The medical industry has a lot of positions available within it, and for good reason. As people age, the demand for healthcare continues to rise in leaps and bounds. This type of stability should be attractive for anyone looking for a job; many other industries aren't having the same success. If you're thinking about becoming a clinical medical assistant, then use the following to help you on your path.
What You’ll Do
Clinical and administrative medical assistants perform different tasks. As a clinical medical assistant, you gather information regarding the reason for the visit, and you are entrusted with filling out medical charts.
You may perform testing before the doctor begins his or her work, as well as provide basic directions and information regarding aftercare and potential side effects of procedures.
You'll also assist the doctor with sterilization, drawing blood and changing wound dressings. Importantly, you'll need to have great people skills since you'll work directly with patients.
Where You’ll Work
The choice is yours: Would you like to work in a small and personal office, or is a larger and potentially more structured facility, such as a hospital, more appealing to you? Different types of people fit into different roles and types of locations better. Knowing yourself can help you make your decision.
Whichever you choose, you'll need to be fast on your feet and confident in your actions. The patients and staff are both looking to you to deliver a good impression of the medical facility and the quality of care patients will receive.
No Degree Necessary, But ...
At smaller offices, you have the opportunity to get hired straight out of high school (or with a GED), and learn a variety of skills as you go. This type of role offers a range of flexibility in terms of responsibilities and is largely dependent on being able to sense what the doctor and staff need so you can fill in the gaps.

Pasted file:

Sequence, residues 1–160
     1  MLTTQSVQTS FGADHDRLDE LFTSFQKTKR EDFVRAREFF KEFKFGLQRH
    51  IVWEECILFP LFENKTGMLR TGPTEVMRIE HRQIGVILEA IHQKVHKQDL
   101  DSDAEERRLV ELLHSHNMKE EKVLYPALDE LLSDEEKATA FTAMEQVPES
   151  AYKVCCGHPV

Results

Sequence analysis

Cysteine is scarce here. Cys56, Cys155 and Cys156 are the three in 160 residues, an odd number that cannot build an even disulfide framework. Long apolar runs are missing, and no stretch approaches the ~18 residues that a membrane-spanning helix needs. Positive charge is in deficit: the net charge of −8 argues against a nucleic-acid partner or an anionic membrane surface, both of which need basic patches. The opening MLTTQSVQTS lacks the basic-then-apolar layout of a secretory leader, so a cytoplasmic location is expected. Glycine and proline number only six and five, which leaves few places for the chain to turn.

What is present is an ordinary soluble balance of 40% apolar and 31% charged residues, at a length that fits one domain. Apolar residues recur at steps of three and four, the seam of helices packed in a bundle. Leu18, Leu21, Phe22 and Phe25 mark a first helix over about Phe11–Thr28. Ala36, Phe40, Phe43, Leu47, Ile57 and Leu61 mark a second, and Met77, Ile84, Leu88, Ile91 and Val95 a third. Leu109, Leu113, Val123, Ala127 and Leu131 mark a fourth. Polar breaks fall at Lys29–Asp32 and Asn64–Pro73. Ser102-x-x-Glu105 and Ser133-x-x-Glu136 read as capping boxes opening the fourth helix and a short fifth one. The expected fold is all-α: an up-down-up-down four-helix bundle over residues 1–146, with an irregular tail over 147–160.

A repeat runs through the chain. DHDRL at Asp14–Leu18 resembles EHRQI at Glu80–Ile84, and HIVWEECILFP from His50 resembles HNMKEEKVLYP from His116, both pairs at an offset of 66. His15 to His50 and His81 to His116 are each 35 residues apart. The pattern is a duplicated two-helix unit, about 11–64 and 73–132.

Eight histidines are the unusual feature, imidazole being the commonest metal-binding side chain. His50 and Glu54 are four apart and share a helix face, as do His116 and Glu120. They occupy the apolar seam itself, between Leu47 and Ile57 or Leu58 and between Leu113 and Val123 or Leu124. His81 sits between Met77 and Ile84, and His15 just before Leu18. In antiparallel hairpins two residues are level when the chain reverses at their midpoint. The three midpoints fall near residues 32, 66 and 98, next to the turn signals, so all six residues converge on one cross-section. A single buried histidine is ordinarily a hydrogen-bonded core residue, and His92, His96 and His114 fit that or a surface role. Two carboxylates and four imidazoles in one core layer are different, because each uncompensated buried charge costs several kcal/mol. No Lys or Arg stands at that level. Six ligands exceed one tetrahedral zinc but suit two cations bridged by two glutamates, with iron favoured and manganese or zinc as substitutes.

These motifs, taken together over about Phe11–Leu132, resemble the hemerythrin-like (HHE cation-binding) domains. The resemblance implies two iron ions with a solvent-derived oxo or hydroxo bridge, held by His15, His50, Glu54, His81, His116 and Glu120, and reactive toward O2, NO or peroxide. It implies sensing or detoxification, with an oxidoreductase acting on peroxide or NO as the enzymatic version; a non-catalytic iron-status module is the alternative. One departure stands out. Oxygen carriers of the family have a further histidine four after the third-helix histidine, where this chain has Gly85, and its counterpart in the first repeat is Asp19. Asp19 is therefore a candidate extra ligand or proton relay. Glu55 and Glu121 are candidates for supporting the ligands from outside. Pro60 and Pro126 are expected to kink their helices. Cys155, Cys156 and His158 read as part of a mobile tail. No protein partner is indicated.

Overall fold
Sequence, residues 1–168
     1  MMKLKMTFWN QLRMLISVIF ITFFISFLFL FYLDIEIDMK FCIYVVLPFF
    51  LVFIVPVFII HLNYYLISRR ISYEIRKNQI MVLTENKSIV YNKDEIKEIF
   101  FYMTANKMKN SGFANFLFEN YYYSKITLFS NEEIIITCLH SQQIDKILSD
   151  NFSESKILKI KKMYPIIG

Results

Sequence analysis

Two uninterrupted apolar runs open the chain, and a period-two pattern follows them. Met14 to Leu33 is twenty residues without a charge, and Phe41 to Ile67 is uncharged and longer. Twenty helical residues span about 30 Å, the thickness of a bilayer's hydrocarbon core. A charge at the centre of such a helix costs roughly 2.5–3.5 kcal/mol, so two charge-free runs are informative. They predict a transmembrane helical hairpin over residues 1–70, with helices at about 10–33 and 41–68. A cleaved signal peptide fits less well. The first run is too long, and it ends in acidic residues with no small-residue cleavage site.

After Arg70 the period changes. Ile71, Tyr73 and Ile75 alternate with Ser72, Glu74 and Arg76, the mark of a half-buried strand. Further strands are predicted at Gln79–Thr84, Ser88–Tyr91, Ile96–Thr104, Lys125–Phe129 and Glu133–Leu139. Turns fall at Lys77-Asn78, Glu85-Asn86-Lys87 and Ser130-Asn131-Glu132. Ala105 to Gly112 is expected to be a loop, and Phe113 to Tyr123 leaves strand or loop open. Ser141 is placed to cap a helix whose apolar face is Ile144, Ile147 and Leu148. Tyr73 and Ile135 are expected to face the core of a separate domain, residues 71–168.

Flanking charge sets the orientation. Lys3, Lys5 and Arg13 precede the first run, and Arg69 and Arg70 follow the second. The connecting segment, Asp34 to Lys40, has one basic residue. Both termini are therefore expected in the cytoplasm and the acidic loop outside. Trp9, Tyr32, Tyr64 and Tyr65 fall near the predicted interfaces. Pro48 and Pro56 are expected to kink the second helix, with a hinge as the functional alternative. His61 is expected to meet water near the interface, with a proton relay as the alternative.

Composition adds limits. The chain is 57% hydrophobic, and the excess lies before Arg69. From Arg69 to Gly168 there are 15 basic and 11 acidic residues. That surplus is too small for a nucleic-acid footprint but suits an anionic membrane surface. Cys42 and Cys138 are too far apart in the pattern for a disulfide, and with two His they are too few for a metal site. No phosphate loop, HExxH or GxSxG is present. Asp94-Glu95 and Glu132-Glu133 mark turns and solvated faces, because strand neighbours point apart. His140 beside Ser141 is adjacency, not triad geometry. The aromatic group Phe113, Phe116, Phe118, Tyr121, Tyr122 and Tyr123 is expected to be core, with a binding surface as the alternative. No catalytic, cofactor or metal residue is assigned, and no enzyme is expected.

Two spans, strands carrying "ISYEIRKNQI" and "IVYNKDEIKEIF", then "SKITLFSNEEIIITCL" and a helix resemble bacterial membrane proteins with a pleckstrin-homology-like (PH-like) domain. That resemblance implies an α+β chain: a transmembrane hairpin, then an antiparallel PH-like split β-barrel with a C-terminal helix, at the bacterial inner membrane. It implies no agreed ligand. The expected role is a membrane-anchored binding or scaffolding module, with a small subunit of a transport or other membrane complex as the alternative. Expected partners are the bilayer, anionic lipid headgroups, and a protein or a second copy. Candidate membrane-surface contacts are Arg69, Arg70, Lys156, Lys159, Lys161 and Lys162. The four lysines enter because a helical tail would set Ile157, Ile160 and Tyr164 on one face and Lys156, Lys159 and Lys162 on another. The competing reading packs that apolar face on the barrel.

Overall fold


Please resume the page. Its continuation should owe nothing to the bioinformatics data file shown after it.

Training may be informal and infrequent, so you'll need to be able to learn quickly and possibly on your own. You can ask questions of course, but you'll need to be as independent as possible without making many mistakes.
This appeals to a certain type of person, but that individual can be difficult to find. An office like this may go through a lot of candidates and assistants before finally settling on the best fit.
Having A Certificate Will Help
It's generally better to do a diploma (one year to complete) or degree program (two years) to become a clinical medical assistant. You’ll have a definite learning plan and come away feeling confident in your abilities.
Medical assistants with formal training and especially certification tend to make more money and have greater job opportunities. You can become certified by taking an exam after completing your courses at an accredited school.
The American Association of Medical Assistants (AAMA) offers the credential of Certified Medical Assistant (CMA). American Medical Technologists (AMT) gives the credential of Registered Medical Assistant (RMA). You also have the option of Certified Clinical Medical Assistant (CCMA) from the National Healthcareer Association (NHA).
Any of the certifications will have you doing the same job, but the exams and requirements for certification vary to some degree. Research which is the best option for you.
Serious About Making This Your Own?
Visit your local doctor’s office—this will give you a chance to ask questions, build relationships, and make some initial decisions about whether this could be the career for you. After that, get into a school near you that offers classes to become a clinical medical assistant. You’ll be on your way to working in a wide-open industry in short amount of time.